Numb.

That is the only word that can describe how I felt after everything happened. A few days after the funeral, I was just an emotionless 12-year-old who lost her father. There was no way that I would know how to properly cope with everything that happened, but I definitely mastered the “denial” phase of the grieving process almost immediately. The day my dad died, I remember crying out what felt like every last tear that was available in my body. After that, no matter how hard I forced myself to cry, I couldn’t. I couldn’t even begin to organize all the emotions that were fumbling around in my head. I was perpetually in a haze, emotionally tired, and simply in shock. I also was in a constant state of guilt due to the lack of grief I felt.

When we first found out about my father's diagnosis, my mom and dad chose not to do chemotherapy, radiation, or any other harsh medications. Instead, we took the natural route by changing his diet so that it was filled with fresh juices, and free from any and all kinds of sugar. Even though he passed away, I still wouldn’t change how we combatted his sickness; I'm extremely grateful that he did not experience any pain, and on top of that, his eyesight was restored in the last few weeks he was alive.

From the time my father was diagnosed with cancer to the time that he died, I simply didn’t seem to bat a lash about his frequent trips to and from the hospital. I remember one particular instance when I was woken up to the sound of EMTs “carefully” bringing a stretcher through our tiny hallway, en route to my dad. My mom informed me about what was happening (he had trouble breathing) and told me that they would be at the hospital for just a few hours. I pretended to go back to sleep because I didn’t want to be a burden--to be yet another thing my mom had to worry about. I knew that not every family had to rush their dad to the hospital to make sure he was getting enough oxygen, but that became our new norm.

I wholeheartedly believed that my dad would be healed, negating altogether the possibility of death. I believed in his healing because my family told me this would happen, and I followed suit--I was only 12. Against our wishes, he kept getting skinnier and skinnier, the meat on his bones got weaker and weaker, and the cancer was still there; he was deteriorating before our eyes. In the matter of four months, my dad went from being healthy, to diseased, then dead, and I was left to wonder if this sudden and abrupt ending of his life was my doing.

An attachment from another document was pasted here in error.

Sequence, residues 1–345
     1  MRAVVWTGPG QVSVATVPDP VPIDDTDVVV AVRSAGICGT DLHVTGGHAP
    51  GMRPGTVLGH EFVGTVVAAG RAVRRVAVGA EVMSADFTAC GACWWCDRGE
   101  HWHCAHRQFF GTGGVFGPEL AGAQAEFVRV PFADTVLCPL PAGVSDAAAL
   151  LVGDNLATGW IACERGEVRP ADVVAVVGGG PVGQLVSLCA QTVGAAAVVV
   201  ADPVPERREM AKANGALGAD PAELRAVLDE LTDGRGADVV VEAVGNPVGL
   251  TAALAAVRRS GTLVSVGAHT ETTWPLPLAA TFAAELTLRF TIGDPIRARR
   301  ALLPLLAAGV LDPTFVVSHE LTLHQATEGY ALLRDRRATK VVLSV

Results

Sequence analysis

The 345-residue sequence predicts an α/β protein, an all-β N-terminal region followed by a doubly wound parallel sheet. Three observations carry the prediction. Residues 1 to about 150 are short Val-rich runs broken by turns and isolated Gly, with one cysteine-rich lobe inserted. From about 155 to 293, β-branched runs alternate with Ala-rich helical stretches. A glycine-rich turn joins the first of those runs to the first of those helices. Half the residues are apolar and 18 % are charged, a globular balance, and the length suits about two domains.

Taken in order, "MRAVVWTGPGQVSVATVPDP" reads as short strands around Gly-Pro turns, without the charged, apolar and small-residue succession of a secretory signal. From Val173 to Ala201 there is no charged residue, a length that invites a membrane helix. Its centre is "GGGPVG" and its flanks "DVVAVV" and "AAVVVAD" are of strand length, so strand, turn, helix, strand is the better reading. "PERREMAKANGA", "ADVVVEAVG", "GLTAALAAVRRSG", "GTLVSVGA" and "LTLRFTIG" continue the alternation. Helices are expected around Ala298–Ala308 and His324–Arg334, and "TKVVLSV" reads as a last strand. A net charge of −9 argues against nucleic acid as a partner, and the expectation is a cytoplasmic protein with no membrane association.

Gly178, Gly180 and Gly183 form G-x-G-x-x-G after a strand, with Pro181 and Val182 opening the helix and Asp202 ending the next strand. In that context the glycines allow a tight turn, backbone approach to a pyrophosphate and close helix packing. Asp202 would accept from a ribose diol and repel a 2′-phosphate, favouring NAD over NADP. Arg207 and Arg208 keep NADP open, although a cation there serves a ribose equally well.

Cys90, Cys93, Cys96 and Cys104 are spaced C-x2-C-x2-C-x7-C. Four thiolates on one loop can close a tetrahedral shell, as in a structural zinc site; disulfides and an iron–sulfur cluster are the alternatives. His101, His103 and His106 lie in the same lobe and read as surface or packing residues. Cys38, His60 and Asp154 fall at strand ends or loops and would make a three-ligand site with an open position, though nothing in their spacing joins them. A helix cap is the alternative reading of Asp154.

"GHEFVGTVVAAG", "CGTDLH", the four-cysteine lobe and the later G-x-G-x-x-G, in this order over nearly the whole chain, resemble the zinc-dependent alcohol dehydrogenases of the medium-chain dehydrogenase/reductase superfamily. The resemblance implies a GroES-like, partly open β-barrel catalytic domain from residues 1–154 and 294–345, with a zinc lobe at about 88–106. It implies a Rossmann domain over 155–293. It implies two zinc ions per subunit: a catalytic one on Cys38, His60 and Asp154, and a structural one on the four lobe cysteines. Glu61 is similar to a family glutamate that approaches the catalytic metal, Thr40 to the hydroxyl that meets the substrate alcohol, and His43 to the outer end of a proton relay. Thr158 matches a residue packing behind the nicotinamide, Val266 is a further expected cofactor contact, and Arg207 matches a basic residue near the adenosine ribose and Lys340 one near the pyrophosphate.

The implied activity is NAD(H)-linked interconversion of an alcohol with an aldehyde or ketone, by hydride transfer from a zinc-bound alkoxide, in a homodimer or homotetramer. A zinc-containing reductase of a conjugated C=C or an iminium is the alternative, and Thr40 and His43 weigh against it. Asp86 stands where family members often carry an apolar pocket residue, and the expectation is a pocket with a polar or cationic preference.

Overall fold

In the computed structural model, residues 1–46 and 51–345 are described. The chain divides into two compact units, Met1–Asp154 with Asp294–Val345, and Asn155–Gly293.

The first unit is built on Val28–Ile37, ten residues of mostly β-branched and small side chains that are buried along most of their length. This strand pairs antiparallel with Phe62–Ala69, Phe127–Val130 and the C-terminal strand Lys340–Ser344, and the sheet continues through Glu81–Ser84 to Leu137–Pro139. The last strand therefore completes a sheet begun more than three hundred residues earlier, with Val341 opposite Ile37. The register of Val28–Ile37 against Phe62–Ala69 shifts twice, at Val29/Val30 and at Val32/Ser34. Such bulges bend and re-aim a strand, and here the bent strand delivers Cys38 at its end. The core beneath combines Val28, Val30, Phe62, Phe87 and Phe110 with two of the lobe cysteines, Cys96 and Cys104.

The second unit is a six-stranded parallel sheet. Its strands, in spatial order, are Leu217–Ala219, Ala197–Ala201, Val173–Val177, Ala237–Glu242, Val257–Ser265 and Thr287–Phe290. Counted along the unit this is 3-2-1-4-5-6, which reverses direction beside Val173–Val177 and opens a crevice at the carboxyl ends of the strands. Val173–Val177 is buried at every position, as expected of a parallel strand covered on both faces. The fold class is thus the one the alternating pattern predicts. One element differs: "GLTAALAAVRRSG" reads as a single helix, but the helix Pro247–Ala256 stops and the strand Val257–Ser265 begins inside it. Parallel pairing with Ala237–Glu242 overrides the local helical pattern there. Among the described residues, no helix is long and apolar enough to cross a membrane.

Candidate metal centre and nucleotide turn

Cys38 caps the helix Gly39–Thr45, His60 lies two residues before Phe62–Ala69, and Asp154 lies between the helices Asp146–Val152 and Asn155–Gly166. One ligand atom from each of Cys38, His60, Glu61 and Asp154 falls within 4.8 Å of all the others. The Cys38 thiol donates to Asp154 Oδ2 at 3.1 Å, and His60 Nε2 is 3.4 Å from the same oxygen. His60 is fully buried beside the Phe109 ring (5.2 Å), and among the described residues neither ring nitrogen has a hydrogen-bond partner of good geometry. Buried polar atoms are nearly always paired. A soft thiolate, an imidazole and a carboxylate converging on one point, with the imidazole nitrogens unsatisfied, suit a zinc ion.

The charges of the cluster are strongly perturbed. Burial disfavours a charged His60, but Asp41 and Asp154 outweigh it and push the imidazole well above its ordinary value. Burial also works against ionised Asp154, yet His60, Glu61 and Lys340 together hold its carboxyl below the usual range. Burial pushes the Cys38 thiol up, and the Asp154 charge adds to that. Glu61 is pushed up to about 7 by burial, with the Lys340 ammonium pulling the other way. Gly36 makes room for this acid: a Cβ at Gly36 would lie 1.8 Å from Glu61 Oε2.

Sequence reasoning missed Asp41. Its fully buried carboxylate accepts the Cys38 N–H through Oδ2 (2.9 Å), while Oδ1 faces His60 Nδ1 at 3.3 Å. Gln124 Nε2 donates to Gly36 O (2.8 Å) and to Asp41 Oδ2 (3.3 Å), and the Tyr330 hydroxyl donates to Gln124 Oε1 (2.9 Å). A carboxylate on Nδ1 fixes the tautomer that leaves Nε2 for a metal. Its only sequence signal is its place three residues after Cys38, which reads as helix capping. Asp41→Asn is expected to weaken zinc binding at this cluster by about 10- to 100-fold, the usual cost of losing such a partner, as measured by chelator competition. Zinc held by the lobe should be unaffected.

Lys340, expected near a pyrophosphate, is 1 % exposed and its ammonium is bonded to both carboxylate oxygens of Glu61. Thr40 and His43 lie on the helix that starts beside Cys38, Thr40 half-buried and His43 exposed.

When people say that they believe someone’s death or something bad that happened was their fault, you think that it’s an irrational image that they made up to distract them from their pain. It wasn’t until after he died that I began to think that I was the problem. I thought, “Well, if I was a stronger Christian, I could’ve prayed for him to be healed and he would still be alive today,” or “God’s punishing me because I did (fill in the blank).” After a couple of years, I finally came to the realization that God had a set time for my dad to die, just like God knows when I--and everyone else on the planet--will die too. This doesn’t negate the power of prayer, it just means that God has complete control of everything, especially our future. It took me many years to wrap my head around this notion, even though I knew in my heart that it was true.

In order to stay sane after he died, I kept reminding myself of the good times that my dad and I had together. One that always comes to mind, is when we made cinnamon-sugar toast on Saturday mornings. Instead of continuously picturing my father lying motionless in the casket--which is an image I honestly will never forget--I had, and still have, to force myself to think of these happier moments. While we ate our special breakfast concoction, he would always ask me how school was going and if I was understanding and enjoying the subjects I was learning about, and I would then ask him about his job. No matter how unexciting my life was at that time, my dad always asked me questions about myself. These moments, especially when he was actively listening, showed me that he was genuinely interested in getting to know his daughter, Reagan Fleming.

My dad taught me to have high standards for how I should expect people to treat me, and he taught me how to simply be a better person. He taught me all of these wonderful things, but most of all, he taught me how to be a good example of Christ; God’s love emanated from him. Whenever I feel like I’m starting to forget what my dad sounded like or acted like, I make myself some cinnamon-sugar toast and the memories and images slowly start coming back to me.